Preliminary results from the 4 mg maintenance period of the FREEDOM study, the first in which perampanel has been examined as monotherapy, were presented at the 2019 International Epilepsy Congress in Bangkok.
James Wheless, MD
Perampanel (Fycompa, Eisai) is safe, effective, and well-tolerated as monotherapy in previously untreated patients with partial-onset seizures (POS) or primary generalized tonic-clonic seizures, according to preliminary data presented at the 2019 International Epilepsy Congress, June 22-26, in Bangkok, Thailand.
The antiepileptic drug is a selective, non-competitive AMPA (alpha-amino-3-hydroxy-5- methyl-4-isoxazolepropionic acid) receptor antagonist that was first approved by the FDA in 2012 for the adjunctive treatment of POS. It is currently being evaluated in a phase 3, multi-center, open-label, uncontrolled study (FREEDOM; NCT03201900) in patients age 12 and older with POS with or without secondary generalized seizures.
The ongoing study, which includes patients from Japan and South Korea, consists of a 6-week titration period followed by a 26-week, 4 mg per day maintenance period. If a patient experiences seizures during the maintenance period, they are titrated up to 8 mg per day perampanel, followed by a 26-week maintenance period.
The primary end point is seizure freedom during the 4 mg maintenance period.
Researchers led by Takamichi Yamamoto, MD, presented findings from 89 patients who had received perampanel. Of note, 44.9% and 43.8% of patients (mean age, 42.1) were categorized as symptomatic or cryptogenic, respectively. Among the cohort, complex partial seizures (60.7%) and complex partial with secondary generalized seizures (64%) were the most common, with a median baseline seizure frequency of 2 seizures per 3 months.
Notably, 16 patients discontinued use during the initial titration period, with 73 entering the 4 mg per day maintenance period, of whom 46 completed. Twenty-one of those patients entered the 8 mg per day maintenance period. The data presented was analyzed following the completion of the 26-week maintenance period.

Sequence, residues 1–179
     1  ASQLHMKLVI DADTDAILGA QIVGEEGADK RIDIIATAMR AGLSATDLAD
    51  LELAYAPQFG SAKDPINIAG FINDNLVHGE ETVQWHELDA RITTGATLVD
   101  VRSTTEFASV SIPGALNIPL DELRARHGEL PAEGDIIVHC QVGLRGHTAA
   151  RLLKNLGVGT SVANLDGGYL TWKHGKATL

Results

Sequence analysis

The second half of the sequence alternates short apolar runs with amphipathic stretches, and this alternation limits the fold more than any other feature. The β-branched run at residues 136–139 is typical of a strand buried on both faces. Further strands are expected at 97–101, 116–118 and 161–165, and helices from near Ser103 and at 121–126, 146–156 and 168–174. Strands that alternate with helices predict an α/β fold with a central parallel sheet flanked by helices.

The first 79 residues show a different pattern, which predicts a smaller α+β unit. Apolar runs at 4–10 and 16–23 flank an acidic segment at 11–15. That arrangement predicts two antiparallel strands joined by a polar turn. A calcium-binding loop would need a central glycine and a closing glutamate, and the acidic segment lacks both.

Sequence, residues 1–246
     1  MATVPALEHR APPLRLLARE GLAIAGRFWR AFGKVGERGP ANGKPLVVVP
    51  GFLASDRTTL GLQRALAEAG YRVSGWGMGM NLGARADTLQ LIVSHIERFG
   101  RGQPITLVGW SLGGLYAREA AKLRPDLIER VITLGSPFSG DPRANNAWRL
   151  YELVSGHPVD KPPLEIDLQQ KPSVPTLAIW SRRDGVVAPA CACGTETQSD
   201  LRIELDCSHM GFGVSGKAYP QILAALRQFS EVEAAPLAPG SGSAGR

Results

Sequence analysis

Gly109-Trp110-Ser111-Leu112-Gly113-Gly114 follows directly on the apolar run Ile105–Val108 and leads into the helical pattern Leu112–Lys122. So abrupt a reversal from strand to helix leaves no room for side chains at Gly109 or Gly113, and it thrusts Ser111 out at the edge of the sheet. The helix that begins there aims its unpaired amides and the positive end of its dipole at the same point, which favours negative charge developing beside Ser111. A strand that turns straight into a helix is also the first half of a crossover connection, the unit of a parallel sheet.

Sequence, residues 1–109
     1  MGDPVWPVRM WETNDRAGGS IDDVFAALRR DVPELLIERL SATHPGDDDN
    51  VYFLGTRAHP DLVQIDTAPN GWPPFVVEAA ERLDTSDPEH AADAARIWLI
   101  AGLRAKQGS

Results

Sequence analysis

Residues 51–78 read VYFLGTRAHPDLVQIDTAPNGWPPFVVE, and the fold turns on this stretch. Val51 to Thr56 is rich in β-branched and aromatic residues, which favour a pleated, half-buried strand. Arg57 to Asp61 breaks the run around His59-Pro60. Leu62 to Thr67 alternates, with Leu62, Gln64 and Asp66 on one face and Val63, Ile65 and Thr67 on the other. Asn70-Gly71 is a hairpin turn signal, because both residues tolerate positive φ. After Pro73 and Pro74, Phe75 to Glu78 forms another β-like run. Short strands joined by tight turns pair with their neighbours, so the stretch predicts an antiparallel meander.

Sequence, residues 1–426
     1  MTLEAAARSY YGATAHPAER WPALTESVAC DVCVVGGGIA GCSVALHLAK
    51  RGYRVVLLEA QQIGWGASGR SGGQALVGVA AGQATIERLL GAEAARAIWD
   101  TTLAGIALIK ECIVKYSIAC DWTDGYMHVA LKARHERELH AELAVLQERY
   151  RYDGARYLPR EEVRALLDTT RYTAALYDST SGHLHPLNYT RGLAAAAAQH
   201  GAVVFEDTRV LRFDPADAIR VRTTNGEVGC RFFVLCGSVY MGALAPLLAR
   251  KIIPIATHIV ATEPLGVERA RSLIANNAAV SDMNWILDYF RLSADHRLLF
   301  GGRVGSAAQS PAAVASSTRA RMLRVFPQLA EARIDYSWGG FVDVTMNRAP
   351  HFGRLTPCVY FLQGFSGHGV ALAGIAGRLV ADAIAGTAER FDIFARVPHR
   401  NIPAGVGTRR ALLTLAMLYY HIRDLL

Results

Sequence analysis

Among those included in the 4 mg intent to treat population, 63% achieved seizure freedom (46/73; 95% CI, 50.9-74.0), and 65% (n = 31/48) of those with secondarily generalized seizures were convulsive seizure free. Treatment-emergent adverse events were reported in 78.7% of patients (70/89; including treatment and extension phases), with the most common being dizziness (33.7%), somnolence (13.5%), nasopharyngitis (13.5%), and headache (11.2%), all of which are consistent with the drug’s known safety profile.
“When selecting an antiepileptic drug for my patients, I consider benefits of single pill dosing which can reduce overall pill burden, hopefully making it easier for patients to adhere to their treatment schedule as early as possible while taking into account tolerability,” said James Wheless, MD, chair, Division of Pediatric Neurology, Le Bonheur Children's Hospital in Memphis, Tennessee, in a statement.
Perampanel is also FDA-approved as adjunctive therapy for primary generalized tonic-clonic seizures in patients with epilepsy age 12 and older, as well as monotherapy for POS with or without secondary generalized seizures in patients with epilepsy age 12 and older.
The drug, which is available in tablet form and oral suspension, is unique in that it has a long half-life, with pharmacokinetic data demonstrating no significant impact of a missed dose on plasma levels.
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Yamamoto T, Kim J-H, Lim S-C, et al. Efficacy and safety of perampanel monotherapy in previously untreated patients with partial-onset seizures (POS): primary analysis of Study 342 (FREEDOM study). Presented at: 2019 International Epilepsy Congress. June 22-26, 2019; Bangkok, Thailand. Poster 315.